Depending on which exchange you use, the main common charts will be one of three. On some exchanges you can choose which one to use. A great site to visit is bitcoinwidom.com which is not an exchange, but pulls the data from exchanges, to enable to get the most out of TA and chart reading.
- Line Chart
- Bar Chart
- Candlestick Chart
A line chart is the simplest form of chart. It is literally a line that is drawn from one closing price to the next closing price. Basically you will be able to see the trend of a coin’s price with a line chart over time. Below is an example of a line chart
An example of a line chart of USD/BTC
A bar chart has a bit more involved. It will show the opening and closing of a coins price, as well as the highs and the lows. Bar Charts are also known as OHLC – open, high, low, close. Below is an example of a Bar Chart;
An example of a bar chart of USD/BTC
As you can see, it is a bit more complex from a line chart. Starting out you will see a horizontal line, which is the opening price of the coin within that timeframe. Next is the vertical line, with the top being the high, and the bottom being the low. Next is the horizontal line, which is the closing price of the coin within that timeframe. To get a closer look at one moment in time, here is an example of price bar;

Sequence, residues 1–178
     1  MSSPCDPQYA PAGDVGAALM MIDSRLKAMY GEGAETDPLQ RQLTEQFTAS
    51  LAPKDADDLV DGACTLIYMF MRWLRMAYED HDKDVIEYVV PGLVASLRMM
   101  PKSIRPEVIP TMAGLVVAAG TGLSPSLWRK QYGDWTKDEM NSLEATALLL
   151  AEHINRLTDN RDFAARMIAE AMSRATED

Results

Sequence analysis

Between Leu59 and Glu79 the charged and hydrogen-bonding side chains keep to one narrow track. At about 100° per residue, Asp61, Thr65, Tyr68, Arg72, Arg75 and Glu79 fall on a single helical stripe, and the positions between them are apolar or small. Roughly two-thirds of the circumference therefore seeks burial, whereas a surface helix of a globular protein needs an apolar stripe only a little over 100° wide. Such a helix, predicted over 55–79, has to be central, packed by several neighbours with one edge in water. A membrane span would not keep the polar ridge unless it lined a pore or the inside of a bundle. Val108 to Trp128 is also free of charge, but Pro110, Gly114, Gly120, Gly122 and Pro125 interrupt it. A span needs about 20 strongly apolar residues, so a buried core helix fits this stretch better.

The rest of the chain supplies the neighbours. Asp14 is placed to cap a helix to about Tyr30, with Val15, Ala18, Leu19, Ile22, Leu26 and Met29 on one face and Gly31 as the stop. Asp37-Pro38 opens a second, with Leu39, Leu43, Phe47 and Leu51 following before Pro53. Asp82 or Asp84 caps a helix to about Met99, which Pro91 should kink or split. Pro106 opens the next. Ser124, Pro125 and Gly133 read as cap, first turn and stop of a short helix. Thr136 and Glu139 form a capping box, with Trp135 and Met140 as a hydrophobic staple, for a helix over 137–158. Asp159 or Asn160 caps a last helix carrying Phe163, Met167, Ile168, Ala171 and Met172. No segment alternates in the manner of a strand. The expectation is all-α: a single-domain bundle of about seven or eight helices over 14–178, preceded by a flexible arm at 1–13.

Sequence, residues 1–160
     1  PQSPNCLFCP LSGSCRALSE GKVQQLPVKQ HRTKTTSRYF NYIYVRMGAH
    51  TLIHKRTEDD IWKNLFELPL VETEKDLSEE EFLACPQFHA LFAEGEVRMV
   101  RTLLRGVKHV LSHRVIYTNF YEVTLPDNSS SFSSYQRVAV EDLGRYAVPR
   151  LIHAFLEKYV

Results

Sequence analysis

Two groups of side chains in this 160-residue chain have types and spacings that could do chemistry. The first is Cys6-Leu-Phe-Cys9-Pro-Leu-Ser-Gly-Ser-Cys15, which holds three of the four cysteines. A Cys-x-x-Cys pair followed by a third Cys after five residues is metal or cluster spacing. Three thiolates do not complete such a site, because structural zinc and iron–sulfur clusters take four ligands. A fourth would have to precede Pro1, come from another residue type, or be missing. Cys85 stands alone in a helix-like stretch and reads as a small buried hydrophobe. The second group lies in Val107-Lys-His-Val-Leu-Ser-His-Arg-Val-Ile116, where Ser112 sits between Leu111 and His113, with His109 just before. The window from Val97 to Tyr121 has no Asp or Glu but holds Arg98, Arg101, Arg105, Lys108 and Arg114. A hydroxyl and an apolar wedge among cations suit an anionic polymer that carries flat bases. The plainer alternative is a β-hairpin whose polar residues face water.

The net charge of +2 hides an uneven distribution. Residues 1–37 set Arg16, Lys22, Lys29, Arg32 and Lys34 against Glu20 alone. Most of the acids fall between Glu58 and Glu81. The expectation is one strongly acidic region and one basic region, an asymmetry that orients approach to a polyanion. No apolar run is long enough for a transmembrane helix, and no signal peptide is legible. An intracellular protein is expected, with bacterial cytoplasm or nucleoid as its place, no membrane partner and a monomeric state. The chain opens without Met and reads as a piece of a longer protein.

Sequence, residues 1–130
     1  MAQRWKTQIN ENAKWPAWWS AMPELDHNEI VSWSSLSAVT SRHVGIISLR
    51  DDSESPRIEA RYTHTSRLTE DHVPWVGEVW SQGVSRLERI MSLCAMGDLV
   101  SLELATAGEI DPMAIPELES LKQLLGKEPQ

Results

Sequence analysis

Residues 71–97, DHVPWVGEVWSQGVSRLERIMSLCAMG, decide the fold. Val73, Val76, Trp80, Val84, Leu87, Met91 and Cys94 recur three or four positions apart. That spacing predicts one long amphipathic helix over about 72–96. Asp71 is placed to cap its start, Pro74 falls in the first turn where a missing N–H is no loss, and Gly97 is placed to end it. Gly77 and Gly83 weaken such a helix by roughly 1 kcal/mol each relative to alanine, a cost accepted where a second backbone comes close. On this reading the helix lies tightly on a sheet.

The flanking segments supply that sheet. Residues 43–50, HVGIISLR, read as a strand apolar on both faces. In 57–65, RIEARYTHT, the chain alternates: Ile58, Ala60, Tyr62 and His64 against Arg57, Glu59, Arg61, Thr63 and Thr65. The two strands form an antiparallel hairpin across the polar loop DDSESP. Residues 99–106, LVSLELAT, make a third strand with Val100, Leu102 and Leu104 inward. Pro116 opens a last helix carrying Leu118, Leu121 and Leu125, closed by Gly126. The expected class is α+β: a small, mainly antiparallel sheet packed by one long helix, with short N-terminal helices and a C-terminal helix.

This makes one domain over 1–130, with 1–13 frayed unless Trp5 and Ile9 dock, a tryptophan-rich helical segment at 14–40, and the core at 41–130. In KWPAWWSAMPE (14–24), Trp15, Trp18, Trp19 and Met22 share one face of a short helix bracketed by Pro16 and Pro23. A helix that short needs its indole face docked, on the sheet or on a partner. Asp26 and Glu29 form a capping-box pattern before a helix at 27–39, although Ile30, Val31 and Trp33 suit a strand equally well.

Open: The little horizontal line on the left is the opening price
High: The top of the vertical line defines the highest price of the time period
Low: The bottom of the vertical line defines the lowest price of the time period
Close: The little horizontal line on the right is the closing price
Candlestick charts are the easiest charts to work with and interpret. They are represented by an open, high, low, close, and depending on whether there are more buyers or sellers, the bars will be green or red. Below is an example of a Candlestick Chart;
An example of a candlestick chart of USD/BTC
Taking a closer look at each candle, I will explain further. With the red candles, this represents a sellers/bear market in that timeframe – there were more sellers than buyers. With green candles, this represents a buyers/bull market in that time frame – there were more buyers than sellers. Each candle has an open and close position as seen below. Red candles opens are on the top, representing a downtrend, and close position at the bottom. Green candles opens are on the bottom, representing an uptrend, and close position at the top. They both have Highs and lows, represented by the thinner bars, and as we progress and talk about Japanese candlesticks, these will be important in understanding the way the market is moving.